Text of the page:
FTX appears to have siphoned $10 billion of customer money to its trading arm, which became a problem when customers began to lose confidence in the exchange and withdraw their funds. Suddenly the firm found itself needing billions of dollars in liquidity, which it didn’t have. And so FTX was forced to declare bankruptcy.
Cryptocurrency proponents have often been prone to braggadocio, claiming that cryptocurrencies are the new digital gold, and that cryptocurrency will supplant gold as a safe haven asset. Yet how many cryptocurrencies and cryptocurrency firms have fallen by the wayside as this infant industry remains in its growing phase? How many investors or speculators have seen their wealth disappear through hacking, theft, or fraud?
Compare cryptocurrency to gold, which has served as a safe haven asset for thousands of years. Gold markets are well established, reputable mints and depositories exist around the world, and even the possibility of a multi-billion dollar fraud seems laughable.
The only questionable aspect of gold markets surrounds exchange-traded funds, which claim to own gold, although no one knows exactly where that gold is or whether it is encumbered. But that’s why most gold investors resort to investing in physical gold, such as gold coins and bars.
The Advantages of Physical Gold
Owning physical gold can mean storing it in a depository, keeping it in a safe deposit box, or storing it at home. There is a risk of theft if you store gold at home, but when was the last time you heard of a gold depository having all its gold stolen? Or when have you ever heard of a depository that claimed to store gold but actually sold it and didn’t tell the owners?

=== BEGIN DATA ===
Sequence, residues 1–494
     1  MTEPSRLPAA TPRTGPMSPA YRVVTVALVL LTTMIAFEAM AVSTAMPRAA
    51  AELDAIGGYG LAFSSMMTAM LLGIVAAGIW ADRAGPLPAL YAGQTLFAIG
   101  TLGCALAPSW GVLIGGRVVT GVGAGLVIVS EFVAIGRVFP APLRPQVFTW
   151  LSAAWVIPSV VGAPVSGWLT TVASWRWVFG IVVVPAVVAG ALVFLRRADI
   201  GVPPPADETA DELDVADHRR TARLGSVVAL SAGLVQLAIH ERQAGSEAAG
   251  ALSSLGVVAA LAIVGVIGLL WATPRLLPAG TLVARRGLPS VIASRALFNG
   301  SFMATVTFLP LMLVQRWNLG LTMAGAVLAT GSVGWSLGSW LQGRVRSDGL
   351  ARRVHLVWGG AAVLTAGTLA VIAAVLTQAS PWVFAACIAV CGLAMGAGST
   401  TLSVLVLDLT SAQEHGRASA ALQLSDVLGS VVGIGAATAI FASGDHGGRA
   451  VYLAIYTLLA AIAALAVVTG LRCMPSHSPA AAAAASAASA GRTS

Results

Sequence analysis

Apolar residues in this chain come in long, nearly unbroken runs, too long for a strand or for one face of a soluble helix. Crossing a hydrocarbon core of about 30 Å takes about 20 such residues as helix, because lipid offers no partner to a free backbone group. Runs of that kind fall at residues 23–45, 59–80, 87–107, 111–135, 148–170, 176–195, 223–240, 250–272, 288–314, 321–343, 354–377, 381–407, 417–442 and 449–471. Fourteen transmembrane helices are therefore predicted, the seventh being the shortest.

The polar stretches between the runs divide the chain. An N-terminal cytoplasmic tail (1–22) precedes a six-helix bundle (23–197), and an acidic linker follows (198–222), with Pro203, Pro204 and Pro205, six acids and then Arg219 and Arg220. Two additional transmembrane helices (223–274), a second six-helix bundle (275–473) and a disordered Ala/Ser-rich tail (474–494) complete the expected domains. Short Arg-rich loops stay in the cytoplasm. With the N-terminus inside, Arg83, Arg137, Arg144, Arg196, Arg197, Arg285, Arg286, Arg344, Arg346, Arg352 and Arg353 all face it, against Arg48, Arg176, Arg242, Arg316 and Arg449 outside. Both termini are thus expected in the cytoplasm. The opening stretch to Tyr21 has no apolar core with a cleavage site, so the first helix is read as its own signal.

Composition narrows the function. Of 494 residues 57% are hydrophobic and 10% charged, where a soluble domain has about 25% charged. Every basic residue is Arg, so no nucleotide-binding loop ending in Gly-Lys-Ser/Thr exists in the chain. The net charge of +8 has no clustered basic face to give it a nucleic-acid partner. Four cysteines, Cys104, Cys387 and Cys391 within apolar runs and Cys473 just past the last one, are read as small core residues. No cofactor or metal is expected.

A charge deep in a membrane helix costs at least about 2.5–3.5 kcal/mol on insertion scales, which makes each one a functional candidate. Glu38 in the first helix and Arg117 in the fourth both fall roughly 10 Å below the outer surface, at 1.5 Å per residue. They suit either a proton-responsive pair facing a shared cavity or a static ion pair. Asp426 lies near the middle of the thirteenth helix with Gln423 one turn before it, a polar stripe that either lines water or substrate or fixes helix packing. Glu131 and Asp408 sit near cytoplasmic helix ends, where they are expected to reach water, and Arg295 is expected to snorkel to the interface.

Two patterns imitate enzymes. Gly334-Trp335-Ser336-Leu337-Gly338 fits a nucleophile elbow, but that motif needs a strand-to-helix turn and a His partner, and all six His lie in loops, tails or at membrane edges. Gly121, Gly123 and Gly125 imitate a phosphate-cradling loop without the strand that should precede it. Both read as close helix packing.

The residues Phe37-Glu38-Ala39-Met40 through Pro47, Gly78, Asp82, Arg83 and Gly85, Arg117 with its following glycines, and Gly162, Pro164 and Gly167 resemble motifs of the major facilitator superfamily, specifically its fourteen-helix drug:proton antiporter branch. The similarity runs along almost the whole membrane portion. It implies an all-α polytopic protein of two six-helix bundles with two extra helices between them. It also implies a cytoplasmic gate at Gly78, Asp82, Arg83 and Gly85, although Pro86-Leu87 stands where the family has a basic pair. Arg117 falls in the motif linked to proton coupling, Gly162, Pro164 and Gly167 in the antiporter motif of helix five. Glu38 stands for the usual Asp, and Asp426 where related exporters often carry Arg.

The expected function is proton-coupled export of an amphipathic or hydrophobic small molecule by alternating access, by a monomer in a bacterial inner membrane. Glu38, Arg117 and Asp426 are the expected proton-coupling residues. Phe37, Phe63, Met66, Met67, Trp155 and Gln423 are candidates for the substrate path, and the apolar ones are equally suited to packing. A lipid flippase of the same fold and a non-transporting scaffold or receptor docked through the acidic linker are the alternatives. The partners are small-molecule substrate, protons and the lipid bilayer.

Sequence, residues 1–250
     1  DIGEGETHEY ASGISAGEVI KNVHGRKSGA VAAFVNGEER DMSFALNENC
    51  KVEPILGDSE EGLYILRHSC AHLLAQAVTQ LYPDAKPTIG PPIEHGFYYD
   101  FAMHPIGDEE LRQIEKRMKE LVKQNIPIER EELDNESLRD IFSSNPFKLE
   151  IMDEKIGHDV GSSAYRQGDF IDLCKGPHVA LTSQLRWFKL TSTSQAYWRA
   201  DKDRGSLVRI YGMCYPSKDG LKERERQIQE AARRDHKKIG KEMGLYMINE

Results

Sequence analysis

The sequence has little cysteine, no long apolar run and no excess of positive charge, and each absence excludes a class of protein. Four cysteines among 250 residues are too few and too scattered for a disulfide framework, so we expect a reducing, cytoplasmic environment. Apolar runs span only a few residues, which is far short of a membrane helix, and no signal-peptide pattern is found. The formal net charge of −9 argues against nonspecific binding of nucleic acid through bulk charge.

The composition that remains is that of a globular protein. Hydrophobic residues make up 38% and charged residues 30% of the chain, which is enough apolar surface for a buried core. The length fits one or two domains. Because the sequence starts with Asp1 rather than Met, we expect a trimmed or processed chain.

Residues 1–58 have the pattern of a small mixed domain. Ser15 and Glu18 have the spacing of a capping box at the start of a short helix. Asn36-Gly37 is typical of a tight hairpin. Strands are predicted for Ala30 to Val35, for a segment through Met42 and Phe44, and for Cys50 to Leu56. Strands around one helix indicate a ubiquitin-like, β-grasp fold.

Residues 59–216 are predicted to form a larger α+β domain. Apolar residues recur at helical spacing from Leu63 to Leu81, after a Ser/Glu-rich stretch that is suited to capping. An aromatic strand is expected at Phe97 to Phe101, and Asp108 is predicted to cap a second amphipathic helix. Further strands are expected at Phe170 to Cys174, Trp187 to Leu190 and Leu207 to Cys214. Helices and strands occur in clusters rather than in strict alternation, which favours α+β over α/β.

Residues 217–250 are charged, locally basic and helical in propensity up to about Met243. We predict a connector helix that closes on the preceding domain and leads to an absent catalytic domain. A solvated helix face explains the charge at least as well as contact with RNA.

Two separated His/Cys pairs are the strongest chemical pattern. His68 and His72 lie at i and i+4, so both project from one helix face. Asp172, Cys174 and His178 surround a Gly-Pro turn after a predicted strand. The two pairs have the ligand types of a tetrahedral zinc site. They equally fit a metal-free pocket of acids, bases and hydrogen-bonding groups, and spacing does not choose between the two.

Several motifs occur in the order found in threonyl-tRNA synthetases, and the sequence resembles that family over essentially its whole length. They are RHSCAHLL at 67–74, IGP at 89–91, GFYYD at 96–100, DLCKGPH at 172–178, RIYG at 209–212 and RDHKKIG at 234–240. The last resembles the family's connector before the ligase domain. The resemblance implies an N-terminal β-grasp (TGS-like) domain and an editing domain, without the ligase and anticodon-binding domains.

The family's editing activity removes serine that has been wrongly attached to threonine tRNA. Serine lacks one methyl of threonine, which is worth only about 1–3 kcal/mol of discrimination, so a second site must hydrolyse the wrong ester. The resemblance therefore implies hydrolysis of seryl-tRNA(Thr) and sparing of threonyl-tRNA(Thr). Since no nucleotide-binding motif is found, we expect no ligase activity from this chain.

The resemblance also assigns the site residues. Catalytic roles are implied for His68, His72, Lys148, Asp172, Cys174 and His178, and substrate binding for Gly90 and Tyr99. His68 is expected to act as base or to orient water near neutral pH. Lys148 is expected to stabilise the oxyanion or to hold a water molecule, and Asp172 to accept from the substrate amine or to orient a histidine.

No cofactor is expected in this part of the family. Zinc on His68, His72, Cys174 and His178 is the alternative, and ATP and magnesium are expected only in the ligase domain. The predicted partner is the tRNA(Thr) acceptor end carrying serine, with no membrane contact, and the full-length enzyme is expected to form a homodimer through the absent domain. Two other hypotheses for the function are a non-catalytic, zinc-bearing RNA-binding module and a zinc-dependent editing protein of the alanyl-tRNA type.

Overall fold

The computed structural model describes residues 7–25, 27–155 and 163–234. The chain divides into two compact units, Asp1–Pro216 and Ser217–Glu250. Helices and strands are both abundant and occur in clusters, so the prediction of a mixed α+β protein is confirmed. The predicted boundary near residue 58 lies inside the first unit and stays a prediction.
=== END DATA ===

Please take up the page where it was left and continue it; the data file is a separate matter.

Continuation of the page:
Those types of incidents just don’t happen in precious metals markets, and fraud, theft, and deception generally happen on an individual scale when people try to make deals with unknown or disreputable individuals or businesses. If your gold is being stored in a gold depository, it’s going to be about as safe as Fort Knox.
As beneficial as cryptocurrency may end up being, there’s just no way that it’s going to replace gold as a safe haven asset or as a store of value during times of turmoil. We’re still too early in the history of cryptocurrency to know which crypto coins are going to survive over the long term, or even if any existing cryptocurrencies will still be around 10-20 years from now.
Not only has FTX’s collapse illustrated the challenge of trust that exists in the cryptocurrency sphere, it may also end up spurring governments to crack the regulatory whip when it comes to cryptocurrencies. With governments pushing their own central bank digital currencies (CBDCs), the case of FTX may be the nail in the coffin for private cryptocurrencies, as the push for CBDCs gains momentum.
One thing is for certain, though. Throughout gold’s long history it has outlasted currency after currency. Mesopotamian, Greek, Roman, and British empires have all seen their power and their currencies wax and wane. All that time gold has remained steady as a safe haven and store of value, and it will continue to do so after the last cryptocurrency is but an ancient memory.